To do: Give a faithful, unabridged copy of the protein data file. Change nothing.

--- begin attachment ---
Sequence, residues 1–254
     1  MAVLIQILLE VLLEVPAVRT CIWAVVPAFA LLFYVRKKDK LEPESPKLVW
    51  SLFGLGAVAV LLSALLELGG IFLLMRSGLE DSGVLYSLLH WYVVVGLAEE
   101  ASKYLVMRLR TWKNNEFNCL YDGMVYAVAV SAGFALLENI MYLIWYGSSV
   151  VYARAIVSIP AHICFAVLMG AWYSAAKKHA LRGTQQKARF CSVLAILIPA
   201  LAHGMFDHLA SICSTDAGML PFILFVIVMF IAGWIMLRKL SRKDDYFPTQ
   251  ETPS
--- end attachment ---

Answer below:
Sequence, residues 1–254
     1  MAVLIQILLE VLLEVPAVRT CIWAVVPAFA LLFYVRKKDK LEPESPKLVW
    51  SLFGLGAVAV LLSALLELGG IFLLMRSGLE DSGVLYSLLH WYVVVGLAEE
   101  ASKYLVMRLR TWKNNEFNCL YDGMVYAVAV SAGFALLENI MYLIWYGSSV
   151  VYARAIVSIP AHICFAVLMG AWYSAAKKHA LRGTQQKARF CSVLAILIPA
   201  LAHGMFDHLA SICSTDAGML PFILFVIVMF IAGWIMLRKL SRKDDYFPTQ
   251  ETPS